Art by mail: Extreme Wisconsin geology

Postcard collage of glacial geology, the St. Croix River, and man on stand-up paddleboard thing

Message on postcard:
Hi Kate! Greetings from Berkeley, California, where I’m laid up a friend’s apartment recovering from a wild boar attack. The picture on this postcard is of the St. Croix River on the Minnesota-Wisconsin border, I think. It was beautiful when I was out there earlier this summer and the water was high, before drought took hold in the Midwest.

My grandfather lived much of his life in a tiny town called Marine on St. Croix, and I visited his grave in the town’s tiny cemetery. I remember when I was a kid when my grandfather died; I was 12 or 13 years old, and it was the first death in the family I had to deal with. I was up late awake, crying in bed, when my dad came into my room to comfort me. It was his dad who’d just died, and he told me he remembered when his grandfather had died when he was a kid. I quieted down, expecting that he would say more, but that’s all there was, and just that much was all it took for me to find enough quiet to calm down.

My family was out here in California when I was attacked by the boar, and when I was in the emergency room worried about keeping my legs, my dad was there and knew the right thing to say. I don’t remember what it was, probably because of the morphine and the subsequent general anesthesia, but I told him about how what he had said when his dad died had helped me out … but thinking about it now I wonder if it’s not so much about hearing the right thing, but having the right person there to talk to you.

Art by mail: Sleeping Bear Dunes

Postcard collage of Sleeping Bear Dunes, flag, and gun diagram

Message on postcard:
Hi Evan — It’s been a great summer and I hope you enjoy this postcard. It’s from Sleeping Bear Dunes in Michigan. At least, it’s a picture of Sleeping Bear Dunes in the background. The raw materials for the collage came from what I think was a semi-permanent garage sale in the Black Hills, and I glued it together in California Colorado, and I’m writing it in Berkeley, California.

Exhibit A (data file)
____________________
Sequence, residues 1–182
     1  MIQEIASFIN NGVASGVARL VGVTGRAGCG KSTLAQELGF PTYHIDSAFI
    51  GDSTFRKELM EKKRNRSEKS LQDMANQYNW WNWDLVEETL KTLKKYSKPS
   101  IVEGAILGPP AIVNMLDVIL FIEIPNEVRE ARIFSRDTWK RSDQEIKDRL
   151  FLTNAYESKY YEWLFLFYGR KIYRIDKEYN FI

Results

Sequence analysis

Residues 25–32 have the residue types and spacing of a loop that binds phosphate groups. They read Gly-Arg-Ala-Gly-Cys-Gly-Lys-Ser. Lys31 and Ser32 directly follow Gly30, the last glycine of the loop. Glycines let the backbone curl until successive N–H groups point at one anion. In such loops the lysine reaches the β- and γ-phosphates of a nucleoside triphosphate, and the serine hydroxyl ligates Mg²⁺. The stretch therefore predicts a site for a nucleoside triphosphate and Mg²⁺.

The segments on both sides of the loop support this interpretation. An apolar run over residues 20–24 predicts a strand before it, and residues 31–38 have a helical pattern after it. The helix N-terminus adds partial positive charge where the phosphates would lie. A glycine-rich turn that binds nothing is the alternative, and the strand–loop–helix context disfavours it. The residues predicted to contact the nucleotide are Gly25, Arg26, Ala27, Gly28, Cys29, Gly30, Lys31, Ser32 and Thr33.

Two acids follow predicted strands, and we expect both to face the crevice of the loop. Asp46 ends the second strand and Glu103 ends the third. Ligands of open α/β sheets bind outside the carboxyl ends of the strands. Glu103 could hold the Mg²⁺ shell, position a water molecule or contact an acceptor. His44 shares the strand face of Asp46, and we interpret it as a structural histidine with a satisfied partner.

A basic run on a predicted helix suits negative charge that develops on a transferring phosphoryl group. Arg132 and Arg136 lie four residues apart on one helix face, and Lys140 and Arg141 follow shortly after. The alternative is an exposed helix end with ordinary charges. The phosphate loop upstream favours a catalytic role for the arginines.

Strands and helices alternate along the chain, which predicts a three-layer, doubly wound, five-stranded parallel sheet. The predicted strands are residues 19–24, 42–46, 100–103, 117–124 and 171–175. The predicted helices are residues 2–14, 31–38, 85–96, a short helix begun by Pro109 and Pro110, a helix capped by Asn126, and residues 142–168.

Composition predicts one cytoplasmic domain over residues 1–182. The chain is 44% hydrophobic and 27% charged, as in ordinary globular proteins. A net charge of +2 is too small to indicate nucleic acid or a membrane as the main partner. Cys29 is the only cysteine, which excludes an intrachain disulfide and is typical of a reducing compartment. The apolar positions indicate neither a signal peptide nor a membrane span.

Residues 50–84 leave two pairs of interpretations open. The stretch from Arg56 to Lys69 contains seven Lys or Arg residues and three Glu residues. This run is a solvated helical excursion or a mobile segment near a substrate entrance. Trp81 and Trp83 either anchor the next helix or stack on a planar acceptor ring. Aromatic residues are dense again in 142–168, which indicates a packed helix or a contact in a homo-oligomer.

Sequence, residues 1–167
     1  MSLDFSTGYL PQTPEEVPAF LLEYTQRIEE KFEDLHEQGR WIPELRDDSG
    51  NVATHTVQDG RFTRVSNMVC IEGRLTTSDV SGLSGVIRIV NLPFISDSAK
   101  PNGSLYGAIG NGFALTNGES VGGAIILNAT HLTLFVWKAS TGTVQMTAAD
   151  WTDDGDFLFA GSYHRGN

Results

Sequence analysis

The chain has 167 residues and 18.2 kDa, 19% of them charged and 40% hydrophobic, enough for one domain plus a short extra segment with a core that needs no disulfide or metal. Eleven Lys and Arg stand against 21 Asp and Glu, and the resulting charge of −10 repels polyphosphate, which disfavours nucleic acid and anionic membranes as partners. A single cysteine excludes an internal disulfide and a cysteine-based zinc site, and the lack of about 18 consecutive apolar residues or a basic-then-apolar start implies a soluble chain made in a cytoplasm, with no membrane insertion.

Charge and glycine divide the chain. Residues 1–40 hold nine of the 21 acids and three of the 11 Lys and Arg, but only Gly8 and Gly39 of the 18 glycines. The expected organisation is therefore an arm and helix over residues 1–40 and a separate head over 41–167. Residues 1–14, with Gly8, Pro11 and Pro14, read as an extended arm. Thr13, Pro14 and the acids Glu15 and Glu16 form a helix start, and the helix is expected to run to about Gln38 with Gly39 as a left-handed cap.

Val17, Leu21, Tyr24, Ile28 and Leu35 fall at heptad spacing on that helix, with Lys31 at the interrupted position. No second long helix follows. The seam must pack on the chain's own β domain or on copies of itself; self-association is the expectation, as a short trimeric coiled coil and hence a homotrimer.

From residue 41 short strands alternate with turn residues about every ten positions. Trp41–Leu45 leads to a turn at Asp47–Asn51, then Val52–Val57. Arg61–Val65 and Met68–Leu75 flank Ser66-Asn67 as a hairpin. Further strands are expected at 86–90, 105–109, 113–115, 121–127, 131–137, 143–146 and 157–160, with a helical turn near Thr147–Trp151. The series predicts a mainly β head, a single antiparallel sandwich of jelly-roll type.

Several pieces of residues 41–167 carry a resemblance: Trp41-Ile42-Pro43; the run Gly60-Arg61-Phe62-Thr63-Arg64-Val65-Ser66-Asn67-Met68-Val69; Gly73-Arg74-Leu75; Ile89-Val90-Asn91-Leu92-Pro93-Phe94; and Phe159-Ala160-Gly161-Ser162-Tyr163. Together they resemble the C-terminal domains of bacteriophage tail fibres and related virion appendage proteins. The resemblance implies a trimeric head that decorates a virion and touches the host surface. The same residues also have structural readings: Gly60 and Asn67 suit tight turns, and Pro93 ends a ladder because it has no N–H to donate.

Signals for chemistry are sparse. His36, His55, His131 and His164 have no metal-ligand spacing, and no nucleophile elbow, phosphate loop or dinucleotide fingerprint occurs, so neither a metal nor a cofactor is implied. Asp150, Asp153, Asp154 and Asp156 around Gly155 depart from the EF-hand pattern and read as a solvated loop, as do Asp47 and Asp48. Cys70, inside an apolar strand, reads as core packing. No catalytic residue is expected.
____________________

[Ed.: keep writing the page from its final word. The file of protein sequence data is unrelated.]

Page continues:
I hope you’ll forgive the typos; I took a Percocet earlier because my legs were hurting, but I really hate these pain pills. They make me feel foggy and stupid and it’s difficult to concentrate. My brain starts thinking of words that come later in the sentence and that my hands shouldn’t yet be ready to write, but my hands are like, “What’s that, Brain? Okay, that seems like a good word to write; I’ll just skip like half the sentence; that should be okay.” And my brain is like, “What? Sorry, I was thinking of the music from Sonic the Hedgehog,” and my brain completely fails to stop my hand from doing something dumb.

And in a more general sense, I just write weird sentences. Like when I want to say that I write wrong words, I’ll say that “my hand does dumb stuff”, which makes it sound like I’m shoplifting candy bars or scratching my crotch while I stand in line at the post office.

I had intended to write about the creative process here, and how this postcard came together, but instead I wrote about how painkillers make me feel, which you really could have learned from any seventh grader with bad decision-making skills, poor self-control, and access to an unguarded medicine cabinet. And if he had written this postcard it would have been much more upbeat because he would love the way Percocet makes him feel, and he would think that parsable sentences are for punk-ass dweebs.

The creation of Sleeping Bear Dunes

Detail from reverse side of postcard: The creation of Sleeping Bear Dunes.

Sleeping Bear Dunes and artillery mini-collage

Detail from reverse side of postcard: Mini-collage of Sleeping Bear Dunes and artillery.

Art by mail: Badlands porthole

Postcard collage of Badlands, porthole, and elaborate costume

Message from postcard: